My region of South Dakota is also in a severe drought. The Big Sioux River flows through Sioux Falls, and it is a terrific (and loud) sight when it has a huge flow over its waterfalls due to snow melts in the Spring after winters with heavy snowfalls. My state is in the Western USA, and we are experiencing the same drought as the rest of the western states. Our main crops are corn and soybeans instead of vegetables, fruit and nuts. However, we are also very short of rain and temperatures have been in the 90s (or even the 100s) for some time. I’ve seen even the mountain states of Wyoming and Montana have had days with temperatures over 100 degrees. Our Big Sioux River can scarcely be called a river at the present time. Kayaking is usually popular as a river sport in our summers, but this year the water depths are too shallow to allow kayaks to be used in most areas of the river. The minimum level of water flow to permit kayaking on our river is 250 cubic feet per second (CFS), but one river gauge has fallen to a mere 40 CFS. In other words, the river flow is about 1/6th of the minimum needed for safe kayaking. Water tubing is now recommended because one can do that on a mere 3 inches of water depth. That is how far our river has shrunk (eighth link).

Now to comment on the new crisis that is facing the Western states due to the drought–loss of electrical power. The first link touched on this, but the ninth link and tenth link focus on just how severe this threat could become. Many dams furnish hydroelectric power to western states, but as the reservoirs drop precipitously, the ability of the generators inside the dams to produce electricity drops as well. The Hoover Dam has already lost one-quarter of its electricity-generating capacity due to the shrinking reservoirs, and this will only get worse. Many states will soon face the risk of brown-outs or rationed electricity use due to dropping power generation all across the western states. This means the worsening western drought may cause not only food and water usages to be rationed, but electricity may have to be rationed as well.

It is not only the USA which is experiencing drought. Media reports I’ve read report Brazil, Russia, Mexico, Taiwan, etc. also have droughts. This means global food production is going to be down as a result of widespread droughts, and foodstuffs may be in ever-shorter supply as we progress into the future. At some point, we will reach the point prophesied in Revelation 6:5-6 which foretells that food will be rationed by price due to food shortages during the latter days of our current age. I have a lengthier discussion of biblical prophecies about drought in the sixth and seventh links so I will not repeat it in the commentary in this post. Those desiring a deeper look at biblical prophecies in this regard are referred to those links.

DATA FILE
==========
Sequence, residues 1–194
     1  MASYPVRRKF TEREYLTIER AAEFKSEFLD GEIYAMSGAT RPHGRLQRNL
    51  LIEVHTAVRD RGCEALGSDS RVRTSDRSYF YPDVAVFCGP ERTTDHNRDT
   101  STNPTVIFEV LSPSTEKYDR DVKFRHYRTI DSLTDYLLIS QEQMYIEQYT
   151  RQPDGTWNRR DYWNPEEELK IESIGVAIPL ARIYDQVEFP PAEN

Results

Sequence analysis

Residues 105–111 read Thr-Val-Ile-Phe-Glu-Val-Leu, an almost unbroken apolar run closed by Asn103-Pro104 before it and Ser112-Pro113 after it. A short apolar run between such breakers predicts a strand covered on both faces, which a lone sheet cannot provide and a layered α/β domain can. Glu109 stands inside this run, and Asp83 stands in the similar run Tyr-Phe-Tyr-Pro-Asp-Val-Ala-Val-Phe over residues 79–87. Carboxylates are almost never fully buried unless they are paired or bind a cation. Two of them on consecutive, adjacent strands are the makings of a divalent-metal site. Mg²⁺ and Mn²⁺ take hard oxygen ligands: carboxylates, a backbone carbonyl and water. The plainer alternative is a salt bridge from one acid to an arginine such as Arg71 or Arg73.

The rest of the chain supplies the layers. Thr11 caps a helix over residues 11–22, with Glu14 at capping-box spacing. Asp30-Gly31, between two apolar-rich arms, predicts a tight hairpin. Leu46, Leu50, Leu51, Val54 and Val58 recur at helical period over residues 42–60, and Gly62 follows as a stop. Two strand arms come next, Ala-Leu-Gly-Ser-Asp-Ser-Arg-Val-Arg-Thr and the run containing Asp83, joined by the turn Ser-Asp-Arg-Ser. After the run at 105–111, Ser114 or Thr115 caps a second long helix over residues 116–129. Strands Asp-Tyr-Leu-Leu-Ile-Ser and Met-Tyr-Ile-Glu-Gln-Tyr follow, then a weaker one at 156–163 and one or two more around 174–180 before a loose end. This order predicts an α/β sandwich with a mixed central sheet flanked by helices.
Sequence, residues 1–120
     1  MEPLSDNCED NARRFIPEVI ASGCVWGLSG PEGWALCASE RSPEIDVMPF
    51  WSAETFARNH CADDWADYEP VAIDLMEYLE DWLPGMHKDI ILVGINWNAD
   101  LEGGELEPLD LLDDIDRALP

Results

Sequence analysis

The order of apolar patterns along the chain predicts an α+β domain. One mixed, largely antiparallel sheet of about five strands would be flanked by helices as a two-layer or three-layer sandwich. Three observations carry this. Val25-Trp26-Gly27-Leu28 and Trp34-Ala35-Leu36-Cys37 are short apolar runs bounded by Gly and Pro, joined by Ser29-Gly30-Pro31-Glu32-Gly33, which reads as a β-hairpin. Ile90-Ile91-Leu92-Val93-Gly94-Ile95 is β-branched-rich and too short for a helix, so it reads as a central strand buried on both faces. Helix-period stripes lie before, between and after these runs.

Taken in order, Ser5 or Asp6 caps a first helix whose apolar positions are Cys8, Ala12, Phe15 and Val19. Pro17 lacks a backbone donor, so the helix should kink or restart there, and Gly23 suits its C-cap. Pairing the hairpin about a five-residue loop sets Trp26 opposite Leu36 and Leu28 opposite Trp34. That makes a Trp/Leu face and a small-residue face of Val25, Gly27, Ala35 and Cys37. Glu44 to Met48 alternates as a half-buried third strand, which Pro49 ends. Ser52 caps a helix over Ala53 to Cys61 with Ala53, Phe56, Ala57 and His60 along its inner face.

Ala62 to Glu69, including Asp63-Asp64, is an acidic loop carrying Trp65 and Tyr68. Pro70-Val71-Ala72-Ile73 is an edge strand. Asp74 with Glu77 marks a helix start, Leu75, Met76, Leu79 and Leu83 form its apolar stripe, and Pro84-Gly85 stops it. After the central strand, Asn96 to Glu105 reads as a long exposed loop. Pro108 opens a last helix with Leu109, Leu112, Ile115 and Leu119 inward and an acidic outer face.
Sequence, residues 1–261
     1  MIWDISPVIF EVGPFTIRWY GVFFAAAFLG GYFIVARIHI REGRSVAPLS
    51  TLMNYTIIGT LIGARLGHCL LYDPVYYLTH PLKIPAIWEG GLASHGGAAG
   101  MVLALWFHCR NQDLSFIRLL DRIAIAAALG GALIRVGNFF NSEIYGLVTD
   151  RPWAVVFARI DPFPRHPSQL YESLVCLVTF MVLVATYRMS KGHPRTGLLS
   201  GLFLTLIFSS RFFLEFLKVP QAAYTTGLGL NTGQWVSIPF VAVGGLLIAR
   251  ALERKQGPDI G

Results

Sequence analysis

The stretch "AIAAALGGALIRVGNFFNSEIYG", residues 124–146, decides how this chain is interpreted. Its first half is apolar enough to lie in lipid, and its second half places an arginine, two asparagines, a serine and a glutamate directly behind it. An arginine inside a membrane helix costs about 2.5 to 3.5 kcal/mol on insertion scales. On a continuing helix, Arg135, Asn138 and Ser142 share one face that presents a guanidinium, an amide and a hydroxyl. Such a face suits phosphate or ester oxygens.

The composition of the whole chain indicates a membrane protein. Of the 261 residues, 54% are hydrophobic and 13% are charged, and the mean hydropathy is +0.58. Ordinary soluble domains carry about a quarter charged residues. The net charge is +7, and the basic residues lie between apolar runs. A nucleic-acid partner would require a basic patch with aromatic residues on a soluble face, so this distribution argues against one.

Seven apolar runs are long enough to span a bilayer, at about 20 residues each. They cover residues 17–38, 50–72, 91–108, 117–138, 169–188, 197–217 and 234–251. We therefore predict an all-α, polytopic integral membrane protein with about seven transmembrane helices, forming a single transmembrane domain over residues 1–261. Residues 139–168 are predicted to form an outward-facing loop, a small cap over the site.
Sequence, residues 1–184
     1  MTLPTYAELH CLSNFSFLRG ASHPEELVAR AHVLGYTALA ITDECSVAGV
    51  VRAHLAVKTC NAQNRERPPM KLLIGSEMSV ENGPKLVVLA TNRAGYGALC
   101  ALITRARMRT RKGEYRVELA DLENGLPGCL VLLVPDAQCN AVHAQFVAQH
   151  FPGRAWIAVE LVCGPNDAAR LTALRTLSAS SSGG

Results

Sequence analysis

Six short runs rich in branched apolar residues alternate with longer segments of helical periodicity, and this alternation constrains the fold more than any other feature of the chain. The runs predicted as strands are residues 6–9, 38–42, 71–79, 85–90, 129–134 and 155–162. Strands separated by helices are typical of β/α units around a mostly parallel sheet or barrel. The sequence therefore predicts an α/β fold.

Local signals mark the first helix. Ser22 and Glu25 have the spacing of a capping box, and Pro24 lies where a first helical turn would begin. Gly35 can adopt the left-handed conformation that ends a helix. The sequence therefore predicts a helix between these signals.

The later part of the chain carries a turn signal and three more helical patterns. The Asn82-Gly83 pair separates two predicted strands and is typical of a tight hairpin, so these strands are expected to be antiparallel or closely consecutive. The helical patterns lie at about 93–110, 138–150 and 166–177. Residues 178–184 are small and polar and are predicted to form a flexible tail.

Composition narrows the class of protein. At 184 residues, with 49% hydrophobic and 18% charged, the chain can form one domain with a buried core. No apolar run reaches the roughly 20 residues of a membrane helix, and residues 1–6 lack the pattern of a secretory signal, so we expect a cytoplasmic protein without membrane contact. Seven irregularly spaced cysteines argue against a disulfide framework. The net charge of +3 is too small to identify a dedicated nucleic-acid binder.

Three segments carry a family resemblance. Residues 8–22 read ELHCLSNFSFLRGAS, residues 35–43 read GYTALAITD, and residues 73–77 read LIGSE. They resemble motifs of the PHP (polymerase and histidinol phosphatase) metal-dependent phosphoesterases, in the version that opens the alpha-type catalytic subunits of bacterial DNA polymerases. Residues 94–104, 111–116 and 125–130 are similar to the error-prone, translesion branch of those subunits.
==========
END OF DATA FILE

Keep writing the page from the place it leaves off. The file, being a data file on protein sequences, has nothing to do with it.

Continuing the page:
It seems to me that California is a state which has had uniquely bad public policy leaders for many years. The effects of this drought could have been greatly mitigated if California had had good leaders with some foresight in recent decades. They have a huge and worsening water shortage, but if they would just look westward they would see the Pacific Ocean with its endless supply of water. One would think that California leaders, knowing they are in an inherently dry region, would have taken appropriate action many years ago to ensure a greater water supply for California. If twenty years ago, California would have built a series of water desalinization plants all along its coast line, they could be producing many millions of gallons of fresh water per day now. This would greatly lessen the effects of the modern drought crisis. It also would have been easily affordable, as the demand for water is vast. The desalinization plants could have been built with revenue bonds as they could easily pay off such bonds with fees charged to people buying the water. Given the drought in many western states, California could be selling huge amounts of water to Arizona, Utah, Nevada, etc. by now. California, instead of being water-starved, could have become a water-exporter by now…if their leaders had had foresight. There is really no excuse for California’s dire water shortages. If Israel and Saudi Arabia can build efficient water desalinization plants, I’ll bet there are engineers who can build them on the West Coast of the USA as well. One word of advice to Governor Newsom and the other California leaders: If you do finally get around to building the needed water desalinization plants, be sure to do your research and don’t site them on top of any California earthquake fault lines.

  1. https://www.dailymail.co.uk/news/article-9673331/The-Hoover-Dam-water-levels-fall-lowest-level-California-suffers-Megadrought.html
  2. https://droughtmonitor.unl.edu/
  3. https://weather.com/photos/news/2021-04-27-drought-emergency-california-photos
  4. https://weather.com/photos/news/2021-06-02-houseboats-removed-oroville-lake-drought-california
  5. https://weather.com/photos/news/2021-05-28-california-drought-farmers
  6. https://stevenmcollins.com/crop-prices-soar-as-drought-keeps-spreading/
  7. https://stevenmcollins.com/california-is-slowly-sinking-downward-as-the-drought-worsens/
  8. https://www.argusleader.com/story/news/2021/06/14/big-sioux-river-drought-causing-poor-kayaking-conditions-this-summer-national-weather-service/7682979002/
  9. https://www.cnn.com/2021/06/08/weather/hoover-dam-lake-mead-water-level-drought/index.html
  10. https://www.azcentral.com/in-depth/news/local/arizona-environment/2021/05/27/hoover-dam-drought-water-levels-lake-mead/5134031001/